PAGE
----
Party like a businessman

Marketing advice

Marketing is everything, Everything we do and everything we say, it has either a positive or a negative effect on the customers. Or no impact at all…

Recently, I read a survey stating that 85 per cent of staff are notaware of their company’s core business idea and strategy. This is how the idea of using a "party metaphor" to describe business communication & development was born.

The idea is simple. Creating a good party and marketing a business successfully are based on the same principles. The metaphor is based on a 10-step-model which encourages the employees of a given company – from CEO to Post Room – to coordinate their efforts so as to strengthen the oveall communication impact. This might sound simple, but it is not that easy to achieve and getting it right can yield significant profits.

Step #1.

The Party Theme / Business idea & Strategies. 

It´s important that everyone in the company is aware of the business idea and strategy.

I recently met with a sales executive from Apple. I asked him if his main role was selling Apple products. He answered quickly: "No, I AM Apple!" “What do you mean?" I asked. His reply was fast: "Well, I help our customers to unleash their potential with simplicity and attractive design, and that is someting I LOVE doing." Clearly, he knew so well the company’s values and goals that he could identify with them. Talk about living the brand!

Tip: Make sure that that all staff is aware of what their role entails and how it fits within the company. You will be amazed about the amount of money wasted and opportunities missed when there is confusion about the company’s aims.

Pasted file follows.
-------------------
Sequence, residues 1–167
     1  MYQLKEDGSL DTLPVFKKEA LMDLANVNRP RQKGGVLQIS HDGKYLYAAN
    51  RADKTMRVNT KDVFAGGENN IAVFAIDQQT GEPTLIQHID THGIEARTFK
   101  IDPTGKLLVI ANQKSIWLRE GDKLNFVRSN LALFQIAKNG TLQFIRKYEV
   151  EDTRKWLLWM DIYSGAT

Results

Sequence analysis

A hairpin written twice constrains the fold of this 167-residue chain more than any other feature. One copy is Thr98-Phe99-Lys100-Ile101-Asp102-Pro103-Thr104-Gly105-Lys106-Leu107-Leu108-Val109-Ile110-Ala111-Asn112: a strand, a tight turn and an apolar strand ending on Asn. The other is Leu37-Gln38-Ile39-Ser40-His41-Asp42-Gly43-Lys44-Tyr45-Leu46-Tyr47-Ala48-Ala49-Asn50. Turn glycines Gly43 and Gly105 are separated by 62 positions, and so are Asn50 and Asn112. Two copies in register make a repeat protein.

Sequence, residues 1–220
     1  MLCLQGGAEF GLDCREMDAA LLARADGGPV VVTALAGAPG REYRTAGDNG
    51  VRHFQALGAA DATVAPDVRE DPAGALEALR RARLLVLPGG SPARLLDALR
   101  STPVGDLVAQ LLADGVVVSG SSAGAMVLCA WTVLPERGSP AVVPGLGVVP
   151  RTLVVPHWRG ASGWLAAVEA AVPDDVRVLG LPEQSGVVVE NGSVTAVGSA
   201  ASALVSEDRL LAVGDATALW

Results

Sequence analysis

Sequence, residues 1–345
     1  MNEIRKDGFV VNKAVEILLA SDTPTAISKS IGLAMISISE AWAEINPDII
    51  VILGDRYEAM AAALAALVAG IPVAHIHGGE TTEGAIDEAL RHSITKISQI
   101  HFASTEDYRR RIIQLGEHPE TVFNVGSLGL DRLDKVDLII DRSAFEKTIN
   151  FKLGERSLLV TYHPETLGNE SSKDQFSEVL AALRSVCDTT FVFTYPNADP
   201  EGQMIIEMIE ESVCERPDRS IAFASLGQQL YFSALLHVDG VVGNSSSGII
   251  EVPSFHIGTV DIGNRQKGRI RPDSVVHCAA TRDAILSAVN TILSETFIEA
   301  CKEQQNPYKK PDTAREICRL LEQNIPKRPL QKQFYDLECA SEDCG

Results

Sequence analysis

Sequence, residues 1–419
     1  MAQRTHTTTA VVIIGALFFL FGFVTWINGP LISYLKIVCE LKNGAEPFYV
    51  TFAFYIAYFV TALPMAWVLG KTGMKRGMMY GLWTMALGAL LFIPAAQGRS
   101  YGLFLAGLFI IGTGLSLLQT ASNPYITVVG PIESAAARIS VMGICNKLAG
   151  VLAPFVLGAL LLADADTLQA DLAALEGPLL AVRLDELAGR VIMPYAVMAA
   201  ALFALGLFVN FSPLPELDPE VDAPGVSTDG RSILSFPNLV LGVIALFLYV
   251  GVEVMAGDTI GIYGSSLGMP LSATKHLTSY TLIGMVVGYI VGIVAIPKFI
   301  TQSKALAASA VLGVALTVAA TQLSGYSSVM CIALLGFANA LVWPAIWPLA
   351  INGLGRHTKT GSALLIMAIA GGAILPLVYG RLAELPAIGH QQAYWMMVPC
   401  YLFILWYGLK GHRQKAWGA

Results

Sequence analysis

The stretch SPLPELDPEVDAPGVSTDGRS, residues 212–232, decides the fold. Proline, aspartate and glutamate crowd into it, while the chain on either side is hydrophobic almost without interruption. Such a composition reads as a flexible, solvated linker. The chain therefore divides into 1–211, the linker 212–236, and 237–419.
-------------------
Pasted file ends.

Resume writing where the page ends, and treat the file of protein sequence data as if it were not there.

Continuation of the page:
Step #2.

Guests? Target groups and their needs.

Without customers - no business. All focus should be directed towards satisfying the customer’s needs and making the company a ‘hero’ in customers’ lives. IKEA is a great example of pre-empting and meeting customer needs. In addition to functional furniture at low prices, their stores offer free measuring tapes, small pencils and note papers, and especially designed IKEA bags, to name just a few clever customer-friendly features.

Tip: Encourage all staff to think about what their customer needs are, and how they can contribute to satisfying them. They might come up with the idea of ​​your company’s IKEA bag.

Step #10

Seven steps later in the model, you have reached Step #10 – ‘The Moment of Truth’. The result of the overall strategy should be that customers enjoy the product/ service so much that they’ll want to come back for more. The attention to detail at the heart of the company’s strategy is a key element of such success. Coca Cola is one of the most popular brands worldwide; its Facebook page counts more than 42 million ‘likes’. Not only it is known to value its employees, but it constantly keeps abreast of social trends. Despite having been established in 1886 it is not complacent and aims to appear fresh all the time (no pun intended).

Harald Moe is a business & communication consultant based in Sweden. He is the author of Party Marketing

Photograph: Getty Images

Harald Moe is a business & communication consultant based in Sweden. He is the author of Party Marketing

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The deafening killer - why noise will be the next great pollution scandal

A growing body of evidence shows that noise can have serious health impacts too. 

Our cities are being poisoned by a toxin that surrounds us day and night. It eats away at our brains, hurts our hearts, clutches at our sleep, and gnaws at the quality of our daily lives.

Hardly a silent killer, it gets short shrift compared to the well-publicised terrors of air pollution and sugars food. It is the dull, thumping, stultifying drum-beat of perpetual noise.